The U.S. Supreme Court has released its March argument calendar for the 2019-2020 term. The court will hear 11 hours of oral argument in 14 cases between March 23 and April 1.
As of January 2020, the court had agreed to hear 73 cases and had issued decisions in four cases during its 2019-2020 term. Between 2007 and 2018, SCOTUS released opinions in 850 cases, averaging between 70 and 90 cases per year.
March 23, 2020
• United States v. Briggs (consolidated with United States v. Collins)
• United States Patent and Trademark Office v. Booking.com B.V.
March 24, 2020
• Google LLC v. Oracle America Inc.
• FNU Tanzin v. Tanvir
March 25, 2020
• Carney v. Adams
• USAID v. Alliance for Open Society International
March 30, 2020
• Torres v. Madrid
• Pereida v. Barr
March 31, 2020
• Trump v. Mazars USA (consolidated with Trump v. Deutsche Bank AG)
• Trump v. Vance
April 1, 2020
• Our Lady of Guadalupe School v. Morrissey-Berru (consolidated with St. James School v. Biel)
U.S. Supreme Court Justice Neil Gorsuch, joined by Justice Clarence Thomas, wrote a concurring opinion to a recent case arguing that lower courts often abuse their judicial powers when they issue nationwide injunctions. Gorsuch ended his opinion saying he hoped that the U.S. Supreme Court would resolve questions about the rise of nationwide injunctions.
The U.S. Supreme Court’s January 27 order granted the stay of an injunction that had blocked the U.S. Department of Homeland Security (DHS) from enforcing a new rule. The rule allows the federal government to deny immigrants a visa or a green card if they rely on government services.
In his opinion concurring in the decision, Justice Gorsuch argued that “universal injunctions tend to force judges into making rushed, high-stakes, low-information decisions.” He also claimed that when a court orders “the government to take (or not take) some action with respect to those who are strangers to the suit, it is hard to see how the court could still be acting in the judicial role of resolving cases and controversies.”
Gorsuch further argued that a judicial system that produces frequent nationwide injunctions might prevent any new federal policy from going into effect. He wrote, “If a single successful challenge is enough to stay the challenged rule across the country, the government’s hope of implementing any new policy could face the long odds of a straight sweep, parlaying a 94-to-0 win in the district courts into a 12-to-0 victory in the courts of appeal. A single loss and the policy goes on ice.”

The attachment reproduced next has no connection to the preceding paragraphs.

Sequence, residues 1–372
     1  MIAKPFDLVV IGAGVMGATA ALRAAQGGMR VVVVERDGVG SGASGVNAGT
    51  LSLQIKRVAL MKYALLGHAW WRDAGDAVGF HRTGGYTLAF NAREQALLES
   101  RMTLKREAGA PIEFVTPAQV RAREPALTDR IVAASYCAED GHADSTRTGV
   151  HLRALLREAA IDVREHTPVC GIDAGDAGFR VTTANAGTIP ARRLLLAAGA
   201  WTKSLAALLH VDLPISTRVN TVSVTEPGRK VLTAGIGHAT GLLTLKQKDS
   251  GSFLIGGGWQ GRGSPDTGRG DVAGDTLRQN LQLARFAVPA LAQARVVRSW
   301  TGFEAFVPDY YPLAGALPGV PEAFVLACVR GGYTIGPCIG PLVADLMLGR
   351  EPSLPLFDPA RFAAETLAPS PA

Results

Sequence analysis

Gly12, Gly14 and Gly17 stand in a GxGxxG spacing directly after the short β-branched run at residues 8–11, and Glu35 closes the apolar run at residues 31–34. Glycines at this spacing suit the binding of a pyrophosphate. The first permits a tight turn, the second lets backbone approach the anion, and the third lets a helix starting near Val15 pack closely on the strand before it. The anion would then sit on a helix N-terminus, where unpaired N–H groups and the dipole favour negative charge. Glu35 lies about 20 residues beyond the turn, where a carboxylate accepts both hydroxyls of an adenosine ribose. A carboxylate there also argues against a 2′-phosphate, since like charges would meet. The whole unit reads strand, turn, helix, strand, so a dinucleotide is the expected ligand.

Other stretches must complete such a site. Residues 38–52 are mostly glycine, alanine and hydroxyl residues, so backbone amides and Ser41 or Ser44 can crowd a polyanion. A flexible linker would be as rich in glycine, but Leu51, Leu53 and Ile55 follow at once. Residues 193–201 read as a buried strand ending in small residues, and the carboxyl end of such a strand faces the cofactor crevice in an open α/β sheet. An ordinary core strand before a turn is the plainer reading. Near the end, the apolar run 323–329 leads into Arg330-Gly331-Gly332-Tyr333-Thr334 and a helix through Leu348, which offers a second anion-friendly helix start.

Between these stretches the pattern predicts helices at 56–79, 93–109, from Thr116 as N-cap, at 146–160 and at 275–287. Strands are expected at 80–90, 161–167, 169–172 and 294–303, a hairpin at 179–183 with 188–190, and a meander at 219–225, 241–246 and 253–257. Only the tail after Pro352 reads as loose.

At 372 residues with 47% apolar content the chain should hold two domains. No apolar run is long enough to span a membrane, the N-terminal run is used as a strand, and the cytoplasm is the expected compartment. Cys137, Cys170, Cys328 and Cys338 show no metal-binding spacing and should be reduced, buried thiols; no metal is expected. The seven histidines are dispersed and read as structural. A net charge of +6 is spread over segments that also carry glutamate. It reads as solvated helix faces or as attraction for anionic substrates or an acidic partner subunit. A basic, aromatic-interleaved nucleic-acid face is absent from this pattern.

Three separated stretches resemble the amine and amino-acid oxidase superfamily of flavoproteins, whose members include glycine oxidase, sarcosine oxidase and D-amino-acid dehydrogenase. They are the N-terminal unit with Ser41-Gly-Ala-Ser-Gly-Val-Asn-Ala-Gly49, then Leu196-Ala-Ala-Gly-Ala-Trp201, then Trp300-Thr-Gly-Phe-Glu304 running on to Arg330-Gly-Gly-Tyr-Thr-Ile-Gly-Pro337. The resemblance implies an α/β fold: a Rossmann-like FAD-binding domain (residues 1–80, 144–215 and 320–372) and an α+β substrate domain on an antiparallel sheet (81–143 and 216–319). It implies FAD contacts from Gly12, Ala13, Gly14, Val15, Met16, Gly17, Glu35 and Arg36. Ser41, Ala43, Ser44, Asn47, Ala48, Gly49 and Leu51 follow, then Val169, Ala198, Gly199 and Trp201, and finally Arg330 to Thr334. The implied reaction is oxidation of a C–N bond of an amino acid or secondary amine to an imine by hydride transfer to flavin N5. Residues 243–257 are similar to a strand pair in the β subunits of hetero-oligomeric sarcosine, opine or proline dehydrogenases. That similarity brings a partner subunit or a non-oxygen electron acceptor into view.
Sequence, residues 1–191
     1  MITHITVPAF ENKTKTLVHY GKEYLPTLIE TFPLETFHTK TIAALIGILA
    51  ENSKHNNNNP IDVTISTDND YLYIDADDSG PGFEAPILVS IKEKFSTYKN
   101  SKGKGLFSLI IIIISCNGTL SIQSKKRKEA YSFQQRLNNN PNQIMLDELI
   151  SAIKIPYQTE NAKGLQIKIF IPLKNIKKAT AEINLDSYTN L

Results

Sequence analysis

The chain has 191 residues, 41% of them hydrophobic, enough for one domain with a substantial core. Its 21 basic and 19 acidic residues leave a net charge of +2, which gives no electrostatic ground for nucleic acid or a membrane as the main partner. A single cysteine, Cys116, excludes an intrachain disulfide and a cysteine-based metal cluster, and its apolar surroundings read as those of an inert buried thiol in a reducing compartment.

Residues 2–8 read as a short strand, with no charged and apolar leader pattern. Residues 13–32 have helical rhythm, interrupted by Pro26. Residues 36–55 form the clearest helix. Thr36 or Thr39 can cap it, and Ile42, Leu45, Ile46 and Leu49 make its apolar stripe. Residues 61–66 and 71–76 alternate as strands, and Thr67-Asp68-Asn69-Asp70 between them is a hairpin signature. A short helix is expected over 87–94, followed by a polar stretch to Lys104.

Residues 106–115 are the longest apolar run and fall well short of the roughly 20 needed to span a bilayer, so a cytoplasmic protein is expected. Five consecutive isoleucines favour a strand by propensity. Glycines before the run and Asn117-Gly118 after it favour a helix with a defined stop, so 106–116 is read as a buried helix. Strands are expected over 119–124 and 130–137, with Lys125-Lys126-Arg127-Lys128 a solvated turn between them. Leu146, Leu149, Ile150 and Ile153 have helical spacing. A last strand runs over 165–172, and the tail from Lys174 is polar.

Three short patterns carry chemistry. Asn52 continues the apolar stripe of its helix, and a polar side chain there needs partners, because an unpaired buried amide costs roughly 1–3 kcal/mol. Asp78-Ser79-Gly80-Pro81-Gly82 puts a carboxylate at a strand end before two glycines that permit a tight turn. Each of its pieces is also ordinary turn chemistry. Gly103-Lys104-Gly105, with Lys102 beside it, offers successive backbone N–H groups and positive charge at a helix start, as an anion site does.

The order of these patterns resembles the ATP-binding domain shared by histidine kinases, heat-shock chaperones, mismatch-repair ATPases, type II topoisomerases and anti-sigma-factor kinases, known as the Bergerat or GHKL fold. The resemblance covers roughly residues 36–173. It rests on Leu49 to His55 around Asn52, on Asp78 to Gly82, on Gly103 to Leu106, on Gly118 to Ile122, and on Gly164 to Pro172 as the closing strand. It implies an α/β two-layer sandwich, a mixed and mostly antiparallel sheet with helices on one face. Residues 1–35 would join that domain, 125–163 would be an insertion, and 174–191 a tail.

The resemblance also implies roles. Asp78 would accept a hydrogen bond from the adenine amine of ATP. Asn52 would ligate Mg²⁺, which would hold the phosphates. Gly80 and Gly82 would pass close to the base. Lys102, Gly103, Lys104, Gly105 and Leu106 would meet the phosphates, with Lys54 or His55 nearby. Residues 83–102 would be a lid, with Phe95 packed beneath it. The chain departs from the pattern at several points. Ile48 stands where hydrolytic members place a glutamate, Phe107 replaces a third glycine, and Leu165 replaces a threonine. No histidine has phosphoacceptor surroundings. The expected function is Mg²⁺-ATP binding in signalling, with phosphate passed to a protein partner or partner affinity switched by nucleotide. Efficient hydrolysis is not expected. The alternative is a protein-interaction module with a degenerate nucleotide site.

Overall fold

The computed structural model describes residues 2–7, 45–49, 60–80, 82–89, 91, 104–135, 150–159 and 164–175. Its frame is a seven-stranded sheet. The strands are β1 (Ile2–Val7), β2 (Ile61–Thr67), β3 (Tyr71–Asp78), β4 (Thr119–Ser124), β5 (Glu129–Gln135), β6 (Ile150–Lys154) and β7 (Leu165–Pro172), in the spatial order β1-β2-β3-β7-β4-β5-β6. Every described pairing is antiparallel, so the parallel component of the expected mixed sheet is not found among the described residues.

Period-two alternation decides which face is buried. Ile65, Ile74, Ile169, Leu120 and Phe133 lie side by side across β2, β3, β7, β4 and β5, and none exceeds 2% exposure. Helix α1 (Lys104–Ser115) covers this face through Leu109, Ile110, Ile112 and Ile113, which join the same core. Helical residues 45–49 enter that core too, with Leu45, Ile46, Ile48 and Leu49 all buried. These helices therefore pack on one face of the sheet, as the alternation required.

The U.S. Supreme Court on January 27 voted 5-4 to allow the U.S. Department of Homeland Security (DHS) to begin enforcing a rule that authorizes the federal government to deny immigrants a visa or a green card if they rely on government assistance.
DHS issued the final rule detailing how federal agencies determine the inadmissibility of immigrants likely to become public charges (e.g. dependent on government assistance) in August 2019. Five federal judges later issued injunctions blocking the rule from taking effect. Appellate courts lifted three of the injunctions in December 2019, but a nationwide injunction from the U.S. District Court for the Southern District of New York and a statewide injunction from the U.S. District Court for the Northern District of Illinois remained in effect.
DHS requested that the U.S. Supreme Court stay the nationwide injunction issued by Judge George B. Daniels of the Southern District of New York. In his October 2019 order, Daniels held that the plaintiffs in State of New York et al. v. U.S. Department of Homeland Security et al. would likely prevail in their claim that DHS promulgated the rule in violation of the Administrative Procedure Act (APA) and that they would suffer irreparable harm under the new policy.
The U.S. Supreme Court granted the request for a stay. Justices John Roberts, Clarence Thomas, Samuel Alito, Neil Gorsuch, and Brett Kavanaugh ruled in favor of the stay while Justices Ruth Bader Ginsburg, Stephen Breyer, Elena Kagan, and Sonia Sotomayor dissented. In a concurring opinion filed with the order, Gorsuch urged lower courts to curtail the practice of issuing nationwide injunctions, arguing in part that the broad orders impact individuals who are not parties to the cases at hand.
The decision allows the rule to take effect nationwide pending a final decision in State of New York et al. v. U.S. Department of Homeland Security et al. The statewide injunction blocking the rule in Illinois remained in effect as of January 29.
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